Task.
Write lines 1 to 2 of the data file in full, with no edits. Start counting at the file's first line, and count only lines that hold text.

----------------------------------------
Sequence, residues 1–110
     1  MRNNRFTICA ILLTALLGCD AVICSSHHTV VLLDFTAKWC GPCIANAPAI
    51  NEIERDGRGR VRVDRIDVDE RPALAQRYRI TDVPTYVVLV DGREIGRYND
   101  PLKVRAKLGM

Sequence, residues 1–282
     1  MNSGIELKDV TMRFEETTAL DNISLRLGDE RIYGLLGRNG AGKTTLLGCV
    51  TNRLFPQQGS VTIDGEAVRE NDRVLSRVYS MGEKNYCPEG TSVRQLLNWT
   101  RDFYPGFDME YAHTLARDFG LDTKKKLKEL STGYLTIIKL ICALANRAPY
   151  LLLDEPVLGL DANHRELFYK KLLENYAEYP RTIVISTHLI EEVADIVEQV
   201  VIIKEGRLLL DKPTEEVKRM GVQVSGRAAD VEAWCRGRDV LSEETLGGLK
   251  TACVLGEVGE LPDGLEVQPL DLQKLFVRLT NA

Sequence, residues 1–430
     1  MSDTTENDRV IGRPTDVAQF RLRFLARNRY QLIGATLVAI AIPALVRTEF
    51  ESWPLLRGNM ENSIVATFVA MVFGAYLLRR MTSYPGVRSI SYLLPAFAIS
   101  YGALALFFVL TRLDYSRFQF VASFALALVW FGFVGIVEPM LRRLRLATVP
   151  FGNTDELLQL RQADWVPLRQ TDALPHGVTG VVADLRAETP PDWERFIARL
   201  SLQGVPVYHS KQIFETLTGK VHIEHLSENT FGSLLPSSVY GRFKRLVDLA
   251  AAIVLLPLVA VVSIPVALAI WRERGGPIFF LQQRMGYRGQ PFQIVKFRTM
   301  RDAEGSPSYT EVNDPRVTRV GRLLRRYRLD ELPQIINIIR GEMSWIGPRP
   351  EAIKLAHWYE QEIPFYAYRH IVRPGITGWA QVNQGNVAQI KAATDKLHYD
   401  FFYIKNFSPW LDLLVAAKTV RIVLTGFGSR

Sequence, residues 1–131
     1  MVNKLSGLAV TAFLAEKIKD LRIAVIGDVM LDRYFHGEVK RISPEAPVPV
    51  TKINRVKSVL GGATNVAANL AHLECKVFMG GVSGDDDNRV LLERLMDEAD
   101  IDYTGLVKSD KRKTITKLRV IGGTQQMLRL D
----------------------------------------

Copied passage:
Sequence, residues 1–110
     1  MRNNRFTICA ILLTALLGCD AVICSSHHTV VLLDFTAKWC GPCIANAPAI